Back in the day I was fast on the side of one of the biggest schoolboy debates there was: F-Zero or Wipeout. For three console generations Nintendo delivered fantastic hovercar gameplay, culminating in the almost perfect F-Zero GX. It was so good in fact, that the famous Shigeru Miyamoto explained there would be no successor until they could find something new to add to the game.
Yet despite Nintendo’s insistence that the genre was essentially solved, Wipeout continued to tinker with the formula. But it too has been silent for many years now with the closure of series developer Studio Liverpool, and in its place have come a number of independently-developed games, from Fast Racing RMX to Redout, Formula Fusion and original Wipeout clone BallisticNG. Fans are clearly nostalgic for these games, and it seems that Sony has heard and listened.
Remastered by Clever Beans you are given three games to choose from: Wipeout HD (originally on the PS3), Wipeout 2048 (originally on the PS Vita) and Wipeout Blitz (originally on the PS X). There’s lots of Wipeout. The three games are relatively integrated with no loading in between selecting them, so it is quick and easy to switch between each of them as the mood takes you.
This is a full remake, not just an upscaled HD port, leading to true 4K and a very smooth 60FPS experience on PS4 Pro. Lighting has been vastly improved, textures and models have been completely revamped, and performance is exceptional. While for a PS Vita game Wipeout 2048 looked exceptional at release, the additional power of the PS4 has been used to brilliant effect, including a doubling of the performance to 60FPS. It looks like a game developed natively for the console, and in general is one of the best looking games available for the system. Track layout seems exactly the same, but the huge change in resolution, textures and lighting change the experience of actually driving on the tracks, always for the better.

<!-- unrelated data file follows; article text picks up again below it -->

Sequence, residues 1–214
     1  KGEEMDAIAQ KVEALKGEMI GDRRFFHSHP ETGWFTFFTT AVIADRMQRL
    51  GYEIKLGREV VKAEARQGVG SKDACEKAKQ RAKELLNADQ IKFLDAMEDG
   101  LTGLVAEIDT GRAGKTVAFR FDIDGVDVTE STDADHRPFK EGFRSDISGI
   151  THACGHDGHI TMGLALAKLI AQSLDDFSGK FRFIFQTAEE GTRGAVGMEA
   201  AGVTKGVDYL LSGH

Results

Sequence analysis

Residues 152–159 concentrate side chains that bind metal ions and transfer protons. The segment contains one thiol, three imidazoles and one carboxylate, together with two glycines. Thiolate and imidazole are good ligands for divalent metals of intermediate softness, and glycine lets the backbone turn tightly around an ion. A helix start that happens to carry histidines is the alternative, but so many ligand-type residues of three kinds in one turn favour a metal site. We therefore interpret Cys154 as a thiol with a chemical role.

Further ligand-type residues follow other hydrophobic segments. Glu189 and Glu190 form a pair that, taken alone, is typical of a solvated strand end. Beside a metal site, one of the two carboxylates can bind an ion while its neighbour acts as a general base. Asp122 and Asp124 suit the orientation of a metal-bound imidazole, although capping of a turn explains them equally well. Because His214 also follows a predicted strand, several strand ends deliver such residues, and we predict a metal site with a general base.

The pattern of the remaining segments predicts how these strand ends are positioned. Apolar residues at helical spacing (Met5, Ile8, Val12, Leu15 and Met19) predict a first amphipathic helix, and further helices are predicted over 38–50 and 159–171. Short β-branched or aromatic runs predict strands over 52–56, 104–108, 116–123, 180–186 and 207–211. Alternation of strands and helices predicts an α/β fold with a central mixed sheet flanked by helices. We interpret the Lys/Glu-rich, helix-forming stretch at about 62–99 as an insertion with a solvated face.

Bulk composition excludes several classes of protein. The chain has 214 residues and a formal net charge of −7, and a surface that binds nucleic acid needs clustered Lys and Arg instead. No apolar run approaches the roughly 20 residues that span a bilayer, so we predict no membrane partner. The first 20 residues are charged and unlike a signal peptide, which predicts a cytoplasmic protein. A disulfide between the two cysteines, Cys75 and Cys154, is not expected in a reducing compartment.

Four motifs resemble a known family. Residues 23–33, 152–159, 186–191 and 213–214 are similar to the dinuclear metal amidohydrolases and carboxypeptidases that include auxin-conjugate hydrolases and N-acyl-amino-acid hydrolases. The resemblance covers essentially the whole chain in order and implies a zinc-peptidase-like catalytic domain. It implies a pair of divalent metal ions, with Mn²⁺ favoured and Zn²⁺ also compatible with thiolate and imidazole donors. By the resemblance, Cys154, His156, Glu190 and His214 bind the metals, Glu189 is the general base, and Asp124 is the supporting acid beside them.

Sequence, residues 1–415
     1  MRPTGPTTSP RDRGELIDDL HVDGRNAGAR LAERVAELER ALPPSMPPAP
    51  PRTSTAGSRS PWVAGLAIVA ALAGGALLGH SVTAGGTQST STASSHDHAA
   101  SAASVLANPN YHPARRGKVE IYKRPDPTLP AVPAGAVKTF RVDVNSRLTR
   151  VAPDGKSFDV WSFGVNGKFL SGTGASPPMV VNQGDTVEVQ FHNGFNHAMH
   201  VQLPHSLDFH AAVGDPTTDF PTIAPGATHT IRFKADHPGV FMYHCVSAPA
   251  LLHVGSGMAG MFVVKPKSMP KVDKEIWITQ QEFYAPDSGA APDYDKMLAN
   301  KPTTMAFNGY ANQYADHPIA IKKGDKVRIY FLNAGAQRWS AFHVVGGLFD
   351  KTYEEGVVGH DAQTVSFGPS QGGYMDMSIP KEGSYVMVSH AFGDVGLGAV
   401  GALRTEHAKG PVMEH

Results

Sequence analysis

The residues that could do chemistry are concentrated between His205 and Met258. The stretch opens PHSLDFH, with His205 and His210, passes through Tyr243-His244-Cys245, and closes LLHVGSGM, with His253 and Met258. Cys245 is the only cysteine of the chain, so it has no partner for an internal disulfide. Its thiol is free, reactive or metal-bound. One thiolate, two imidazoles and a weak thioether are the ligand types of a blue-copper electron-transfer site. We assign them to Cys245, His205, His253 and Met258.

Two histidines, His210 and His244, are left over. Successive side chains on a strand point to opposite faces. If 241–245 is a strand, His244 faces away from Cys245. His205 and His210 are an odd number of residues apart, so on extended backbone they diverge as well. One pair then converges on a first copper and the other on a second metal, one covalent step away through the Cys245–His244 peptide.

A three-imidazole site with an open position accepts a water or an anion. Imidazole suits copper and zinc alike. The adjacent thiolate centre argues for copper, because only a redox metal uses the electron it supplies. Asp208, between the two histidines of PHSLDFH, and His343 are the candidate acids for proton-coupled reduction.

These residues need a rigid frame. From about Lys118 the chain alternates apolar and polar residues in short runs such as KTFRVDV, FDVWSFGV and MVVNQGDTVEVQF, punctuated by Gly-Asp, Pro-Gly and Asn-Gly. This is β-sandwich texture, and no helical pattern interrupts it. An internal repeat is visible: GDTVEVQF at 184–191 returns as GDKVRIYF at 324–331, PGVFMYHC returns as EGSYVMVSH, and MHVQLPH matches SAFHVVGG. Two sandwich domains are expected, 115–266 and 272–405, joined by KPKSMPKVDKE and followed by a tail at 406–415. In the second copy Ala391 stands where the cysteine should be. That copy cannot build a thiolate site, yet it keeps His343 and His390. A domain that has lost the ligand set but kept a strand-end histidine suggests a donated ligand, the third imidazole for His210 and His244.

In terms of gameplay nothing much has changed. Beyond the tracks, weaponry, ship characteristics and handling all remain the same. But as a remake, Wipeout Omega Collection reminds us of all the improvements made to the genre since when the games first came out. This is the danger of a remaster of games significantly iterated on in the intervening years since the original release. It’s a double-edged sword: any changes to the original core gameplay would be looked down on as meddling in a past classic, but leaving the games as is leaves the remaster feeling a little dated. Any extra changes would also mean a longer development cycle and most likely a higher retail price. That said, in absolute terms, these games hold up extremely well, and are still excellent to play.
One thing they haven’t changed though is the excellent soundtrack that stands up today as one of the best in video game history. The soundtrack was always one of the best parts of the game, it ties the package together, giving it the drive and urgency that makes these games simultaneously stressful and exhilarating.
For those without a history with the franchise this collection can feel a little confronting. There’s no tutorial or onboarding of any kind. Some sort of introduction to the game would have been beneficial for people unfamiliar with how the games work, or those who simply haven’t played in the many years since the last release. The controls are relatively intuitive, but understanding what the pads mean and how the weaponry and each race type works would make the experience much friendlier to new Wipeout gamers.
The Wipeout Omega Collection is remasters at their best. It takes excellent games and only makes them better. With significantly improved visuals and rock-solid performance, it introduces these three excellent games to a new generation of console, and by extension, gamer at an extremely reasonable price tag to boot. It’s really hard to fault anything in this collection. While the games themselves feel a little dated compared to newer additions to the genre, they remain in many respects the benchmark for hover racing. Now it’s your turn Nintendo, I can only dream of a F-Zero remake with this collection’s level of care, attention and quality.
Released: June 2017
Platforms: PlayStation 4
Genre: Racing, Action
Publisher: Sony PlayStation</p